Physical Fitness Assessment Across the Disability Spectrum in Multiple Sclerosis
Objectives: This study compared different methods of measuring cardiorespiratory (arm ergometer vs. recumbent stepper) and muscular (manual muscle testing [MMT] vs. seated dynamometry) fitness across the MS disability spectrum. This study further examined the associations between fitness indices, measured by different testing modes, and clinical, functional, symptomatic, and participatory measures.
Methods: Participants completed two testing sessions separated by 1 week. At each session, participants completed one cardiorespiratory and one muscular fitness test. A clinically-administered EDSS was conducted at the first session. Participants further completed measures of walking speed and endurance, cognition, fatigue, quality of life (QOL), activities of daily living (ADL), and physical activity.
Results: 64 participants completed testing and were grouped as mild (EDSS=1-3.5; n=21), moderate (EDSS=4-6; n=22), and severe (EDSS=6.5-8; n=21). Peak aerobic capacity assessed by recumbent stepping was higher when compared with arm ergometry (p<.001). Peak torque assessed by seated dynamometry was higher when compared with MMT (p<.001). Peak aerobic capacity and peak torque decreased as a function of increasing disability (p<.001). Significant, moderate-to-strong correlations were observed between physical fitness and EDSS score, walking speed and endurance, cognition, fatigue, QOL, and ADL for all aerobic and strength testing modes.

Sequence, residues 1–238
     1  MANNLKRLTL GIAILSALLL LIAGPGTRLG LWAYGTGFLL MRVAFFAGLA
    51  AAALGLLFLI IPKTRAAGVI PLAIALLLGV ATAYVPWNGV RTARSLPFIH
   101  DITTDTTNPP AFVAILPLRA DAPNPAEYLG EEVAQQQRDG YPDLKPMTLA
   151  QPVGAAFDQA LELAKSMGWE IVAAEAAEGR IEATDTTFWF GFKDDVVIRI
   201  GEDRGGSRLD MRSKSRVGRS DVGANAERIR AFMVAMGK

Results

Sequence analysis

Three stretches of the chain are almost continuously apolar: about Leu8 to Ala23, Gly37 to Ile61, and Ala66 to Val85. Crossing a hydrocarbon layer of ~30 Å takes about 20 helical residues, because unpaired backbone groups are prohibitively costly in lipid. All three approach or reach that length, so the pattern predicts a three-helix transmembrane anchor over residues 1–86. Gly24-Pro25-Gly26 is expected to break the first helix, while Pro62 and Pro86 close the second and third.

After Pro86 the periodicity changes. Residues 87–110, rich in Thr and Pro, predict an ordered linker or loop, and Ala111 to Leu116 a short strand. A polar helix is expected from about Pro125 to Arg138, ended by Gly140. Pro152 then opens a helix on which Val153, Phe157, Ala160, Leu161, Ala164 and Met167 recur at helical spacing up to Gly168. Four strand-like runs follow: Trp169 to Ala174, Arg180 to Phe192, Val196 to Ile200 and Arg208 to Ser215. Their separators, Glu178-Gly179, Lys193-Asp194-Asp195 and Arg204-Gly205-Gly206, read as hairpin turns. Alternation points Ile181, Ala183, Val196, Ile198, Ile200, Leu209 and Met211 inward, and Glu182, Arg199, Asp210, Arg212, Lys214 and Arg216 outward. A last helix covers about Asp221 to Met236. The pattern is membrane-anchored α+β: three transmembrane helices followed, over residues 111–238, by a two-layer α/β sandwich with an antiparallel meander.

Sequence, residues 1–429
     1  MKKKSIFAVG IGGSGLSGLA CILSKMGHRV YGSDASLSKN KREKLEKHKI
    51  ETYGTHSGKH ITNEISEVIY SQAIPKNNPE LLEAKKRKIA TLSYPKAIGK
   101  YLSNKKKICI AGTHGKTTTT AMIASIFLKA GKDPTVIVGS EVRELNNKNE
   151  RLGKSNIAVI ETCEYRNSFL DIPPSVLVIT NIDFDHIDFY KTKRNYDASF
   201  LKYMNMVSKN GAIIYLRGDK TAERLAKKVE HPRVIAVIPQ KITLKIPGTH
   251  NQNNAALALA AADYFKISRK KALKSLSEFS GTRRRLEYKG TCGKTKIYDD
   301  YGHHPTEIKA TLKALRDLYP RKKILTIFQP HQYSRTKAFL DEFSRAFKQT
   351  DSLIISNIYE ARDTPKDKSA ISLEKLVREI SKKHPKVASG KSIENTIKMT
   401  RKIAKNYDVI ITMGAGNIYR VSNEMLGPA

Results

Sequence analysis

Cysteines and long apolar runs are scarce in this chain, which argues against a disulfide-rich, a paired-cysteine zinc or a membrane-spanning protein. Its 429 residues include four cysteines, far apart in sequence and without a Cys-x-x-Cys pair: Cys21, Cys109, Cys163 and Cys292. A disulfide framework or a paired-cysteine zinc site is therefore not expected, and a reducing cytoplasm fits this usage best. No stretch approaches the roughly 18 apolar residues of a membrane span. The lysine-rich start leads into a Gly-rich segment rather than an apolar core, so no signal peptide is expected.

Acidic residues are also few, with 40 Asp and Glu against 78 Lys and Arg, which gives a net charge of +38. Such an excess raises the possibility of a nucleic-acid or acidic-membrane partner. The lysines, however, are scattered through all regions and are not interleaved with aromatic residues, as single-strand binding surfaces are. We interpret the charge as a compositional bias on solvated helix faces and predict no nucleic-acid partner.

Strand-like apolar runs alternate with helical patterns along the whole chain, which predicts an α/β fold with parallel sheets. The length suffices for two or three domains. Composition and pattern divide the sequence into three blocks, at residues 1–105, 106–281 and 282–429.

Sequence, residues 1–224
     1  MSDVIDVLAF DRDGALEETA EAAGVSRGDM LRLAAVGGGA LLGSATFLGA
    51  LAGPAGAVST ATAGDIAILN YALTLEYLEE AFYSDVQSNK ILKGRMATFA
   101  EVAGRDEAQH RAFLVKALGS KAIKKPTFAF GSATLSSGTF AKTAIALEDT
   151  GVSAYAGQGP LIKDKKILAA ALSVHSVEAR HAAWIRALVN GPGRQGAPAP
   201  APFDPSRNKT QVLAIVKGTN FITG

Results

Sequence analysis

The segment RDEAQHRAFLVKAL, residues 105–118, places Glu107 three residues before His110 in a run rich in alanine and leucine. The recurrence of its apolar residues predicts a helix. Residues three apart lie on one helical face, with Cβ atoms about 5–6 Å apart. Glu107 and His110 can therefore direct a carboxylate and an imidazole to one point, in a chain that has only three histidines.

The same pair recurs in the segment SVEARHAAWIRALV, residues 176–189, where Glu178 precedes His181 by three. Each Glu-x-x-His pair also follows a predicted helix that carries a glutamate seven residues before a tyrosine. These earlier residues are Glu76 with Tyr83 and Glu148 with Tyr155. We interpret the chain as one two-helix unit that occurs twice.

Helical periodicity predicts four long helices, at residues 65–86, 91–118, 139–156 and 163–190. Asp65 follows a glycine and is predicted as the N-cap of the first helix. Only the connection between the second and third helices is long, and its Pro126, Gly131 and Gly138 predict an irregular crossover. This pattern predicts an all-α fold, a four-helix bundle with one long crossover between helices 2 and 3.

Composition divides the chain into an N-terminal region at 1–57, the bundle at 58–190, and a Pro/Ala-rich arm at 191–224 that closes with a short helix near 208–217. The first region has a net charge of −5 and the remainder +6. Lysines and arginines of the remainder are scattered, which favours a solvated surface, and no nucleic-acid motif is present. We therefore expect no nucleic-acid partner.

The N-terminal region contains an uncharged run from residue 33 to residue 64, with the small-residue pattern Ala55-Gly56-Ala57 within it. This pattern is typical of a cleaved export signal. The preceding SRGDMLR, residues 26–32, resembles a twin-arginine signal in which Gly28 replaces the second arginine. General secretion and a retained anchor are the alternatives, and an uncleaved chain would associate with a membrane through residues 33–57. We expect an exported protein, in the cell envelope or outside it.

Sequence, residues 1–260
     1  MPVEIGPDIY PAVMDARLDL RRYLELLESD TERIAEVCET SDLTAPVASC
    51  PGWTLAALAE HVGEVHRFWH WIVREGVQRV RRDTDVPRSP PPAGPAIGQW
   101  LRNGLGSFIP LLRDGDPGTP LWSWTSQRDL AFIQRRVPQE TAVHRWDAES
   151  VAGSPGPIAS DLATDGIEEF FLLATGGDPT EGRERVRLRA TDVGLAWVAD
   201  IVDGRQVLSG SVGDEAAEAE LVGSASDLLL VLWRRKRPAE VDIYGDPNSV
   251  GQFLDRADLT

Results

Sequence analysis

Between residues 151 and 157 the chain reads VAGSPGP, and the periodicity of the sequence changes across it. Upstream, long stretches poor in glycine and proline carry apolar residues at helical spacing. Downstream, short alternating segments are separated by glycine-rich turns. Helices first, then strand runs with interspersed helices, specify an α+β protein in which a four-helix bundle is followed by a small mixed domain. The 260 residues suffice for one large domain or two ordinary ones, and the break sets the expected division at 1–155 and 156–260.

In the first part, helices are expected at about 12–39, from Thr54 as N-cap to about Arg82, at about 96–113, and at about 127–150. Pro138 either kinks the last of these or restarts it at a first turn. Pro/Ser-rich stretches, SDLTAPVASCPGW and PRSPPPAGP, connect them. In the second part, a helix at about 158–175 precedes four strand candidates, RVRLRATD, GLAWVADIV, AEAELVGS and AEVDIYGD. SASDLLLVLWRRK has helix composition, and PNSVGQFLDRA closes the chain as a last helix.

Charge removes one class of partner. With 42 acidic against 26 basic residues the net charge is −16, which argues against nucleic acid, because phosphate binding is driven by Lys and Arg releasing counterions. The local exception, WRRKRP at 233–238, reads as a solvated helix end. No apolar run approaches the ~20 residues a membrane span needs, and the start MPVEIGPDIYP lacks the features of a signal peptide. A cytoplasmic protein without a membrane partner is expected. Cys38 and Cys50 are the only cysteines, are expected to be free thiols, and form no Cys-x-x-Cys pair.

Conclusions: Overall, maximal physical capacity was higher assessed by recumbent stepping and seated dynamometry and decreased as a function of increasing disability. This suggests the prescription of exercise training in MS should be based on more sophisticated testing modes to provide the most appropriate stimulus for training adaptations. There continues to be an important association between physical fitness and other outcomes in MS, regardless of assessment modality.